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Is Happiness Possible in Midlife Crisis?

In a new e-Book, the author asks whether an individual can be in a "midlife crisis" and be happy at the same time.  He looks at the notion of happiness from different angles. He asserts that an individual can develop the capacity to create peace and happiness irrespective of external conditions.

Defining Happiness

I like most people view happiness in a very personal way.  In fact, I experience happiness in many possible ways, such as being in harmony with myself, my family, my associates, friends and wider community. I recently saw this definition of happiness on the Internet:  "having the freedom, health and opportunity to do great things for myself and others."  That too is a powerful message. Even though we may be in the grip of what is commonly called a “midlife crisis," can we be happy?

In a new free e-Book 25 Reflections on a Happier Midlife and Beyond, Dr. Fred Horowitz and I share our reflections on this and many other questions. Here are some of our reflections.

The Spectrum of Happiness

In Happy for no reason, Marcie Shimoff reports on interviews with a hundred people she considered to be happy.  Shimoff proposes the notion of a happiness continuum.  On one end of the continuum, you can be unhappy experiencing such emotions as fatigue or melancholy or thinking that you are in the throes of a "midlife crisis."  On the other end of the continuum, you can be happy for no reason.  She describes this as a state of peace and well-being that does not depend on external circumstances. 

In between these two levels are being happy for a “bad reason,” such as feeling good in the moment because of drugs, alcohol, over eating or any other addiction.  There is also being happy for a “good reason,” such as getting a raise, having money in the bank, or being in love.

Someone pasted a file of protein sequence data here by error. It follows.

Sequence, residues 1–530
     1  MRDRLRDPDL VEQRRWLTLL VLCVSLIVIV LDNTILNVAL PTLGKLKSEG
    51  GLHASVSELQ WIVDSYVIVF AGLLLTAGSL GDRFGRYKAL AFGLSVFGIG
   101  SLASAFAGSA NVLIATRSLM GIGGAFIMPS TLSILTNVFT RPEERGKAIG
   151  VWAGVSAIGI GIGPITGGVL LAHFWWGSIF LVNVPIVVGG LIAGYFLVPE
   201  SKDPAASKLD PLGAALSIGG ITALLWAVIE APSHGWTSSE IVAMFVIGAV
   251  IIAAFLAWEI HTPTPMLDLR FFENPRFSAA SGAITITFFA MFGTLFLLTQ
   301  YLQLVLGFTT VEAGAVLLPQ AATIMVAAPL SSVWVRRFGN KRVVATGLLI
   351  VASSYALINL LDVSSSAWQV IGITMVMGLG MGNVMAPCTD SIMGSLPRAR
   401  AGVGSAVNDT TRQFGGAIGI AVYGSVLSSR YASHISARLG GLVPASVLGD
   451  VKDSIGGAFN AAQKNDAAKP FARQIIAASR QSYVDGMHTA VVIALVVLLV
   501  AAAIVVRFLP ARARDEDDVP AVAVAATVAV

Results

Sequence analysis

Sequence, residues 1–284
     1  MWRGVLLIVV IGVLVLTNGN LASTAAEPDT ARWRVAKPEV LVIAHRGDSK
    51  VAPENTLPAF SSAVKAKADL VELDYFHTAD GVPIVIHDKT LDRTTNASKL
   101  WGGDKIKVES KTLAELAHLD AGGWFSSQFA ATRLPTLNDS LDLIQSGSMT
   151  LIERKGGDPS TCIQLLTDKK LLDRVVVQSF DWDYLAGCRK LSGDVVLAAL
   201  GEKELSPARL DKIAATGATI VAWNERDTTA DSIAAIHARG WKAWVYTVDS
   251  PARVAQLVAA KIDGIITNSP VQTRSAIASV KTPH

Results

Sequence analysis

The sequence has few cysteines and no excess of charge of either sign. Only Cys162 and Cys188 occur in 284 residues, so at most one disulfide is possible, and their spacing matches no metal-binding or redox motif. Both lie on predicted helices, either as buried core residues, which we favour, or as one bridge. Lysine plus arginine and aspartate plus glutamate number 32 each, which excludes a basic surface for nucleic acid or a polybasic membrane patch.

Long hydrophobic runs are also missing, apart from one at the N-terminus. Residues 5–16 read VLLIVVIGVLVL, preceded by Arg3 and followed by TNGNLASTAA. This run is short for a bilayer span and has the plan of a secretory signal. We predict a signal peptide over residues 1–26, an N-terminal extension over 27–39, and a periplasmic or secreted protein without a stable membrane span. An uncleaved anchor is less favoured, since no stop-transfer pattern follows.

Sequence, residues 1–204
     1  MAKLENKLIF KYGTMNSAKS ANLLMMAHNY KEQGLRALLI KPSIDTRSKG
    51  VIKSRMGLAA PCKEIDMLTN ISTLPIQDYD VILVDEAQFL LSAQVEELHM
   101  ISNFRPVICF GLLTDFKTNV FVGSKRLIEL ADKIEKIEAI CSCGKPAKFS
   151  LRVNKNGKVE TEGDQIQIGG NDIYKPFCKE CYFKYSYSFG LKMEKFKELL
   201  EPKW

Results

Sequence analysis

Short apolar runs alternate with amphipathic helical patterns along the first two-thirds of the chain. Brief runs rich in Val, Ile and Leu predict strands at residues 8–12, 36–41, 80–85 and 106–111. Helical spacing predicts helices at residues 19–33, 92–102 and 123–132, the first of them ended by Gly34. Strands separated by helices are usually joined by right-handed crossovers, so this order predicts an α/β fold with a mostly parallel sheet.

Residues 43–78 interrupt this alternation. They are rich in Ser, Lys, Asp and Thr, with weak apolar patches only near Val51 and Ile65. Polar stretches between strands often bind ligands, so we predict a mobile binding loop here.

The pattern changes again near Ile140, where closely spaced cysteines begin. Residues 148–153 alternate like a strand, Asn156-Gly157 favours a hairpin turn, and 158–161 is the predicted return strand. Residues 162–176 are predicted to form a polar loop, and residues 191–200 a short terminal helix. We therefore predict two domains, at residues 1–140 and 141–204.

Dr. Fred Horowitz has been an executive coach and specialist in “midlife crisis” coping strategies for over 15 years. He claims that “while we may be experiencing a crisis, at our core, we still can be connected to a sense of well-being and peace.”

Happiness is Multi-Dimensional

Robert Holden, a British researcher, has studied happiness for over 10 years, and describes the meaning of happiness in his book, Be happy.  He posits that there are three kinds of happiness: sensory happiness or pleasure, circumstantial happiness or satisfaction, and unreasonable happiness or joy.

The first kind of happiness, pleasure, comes from our physical senses.  He claims that there are both positive and negative aspects to this kind of happiness.  On the positive side, sensory happiness is natural and life affirming; it gives you a sense of aliveness and connection with others.  However, sensory happiness relies on an external stimulus and can be very transitory.

Holden refers to the second type of happiness as circumstantial happiness or simply satisfaction.  We might think of this as being fulfilled or having a sense of subjective well-being.  For example, we can have life satisfaction or job satisfaction.  We can also get a lot of satisfaction from learning and growing.  However, this too has its upside and downside.  This kind of happiness also depends on external sources.  It also tends to fade over time; we tend to quickly adapt to this kind of happiness and expect even more in the future.  This can really play havoc with our peace of mind.

Awareness of Joy

Holden refers to a third type of happiness that he calls unreasonable happiness or being joyful.  This is very similar to Shimoff's notion of being happy for no reason.  He states that "unless you cultivate awareness of joyFree Reprint Articles, no amount of pleasure or satisfaction can make you happy."

Dr. Fred Horowitz and I strongly believe that you do not need to accept the conventional wisdom about “midlife crisis.” We make the case in our new free e-Book that irrespective of external conditions you can develop the capacity to

Get the new free e-Book 25 Reflections on a Happier Midlife and Beyond.

Source: Free Articles from ArticlesFactory.com

ABOUT THE AUTHOR


Dr. Frank Bonkowski is an infopreneur, educator, and author of bestselling educational textbooks. He co-founded, with Dr. Fred Horowitz, 
Happiness-After-Midlife, an educational website dealing with midlife coping strategies and happiness.



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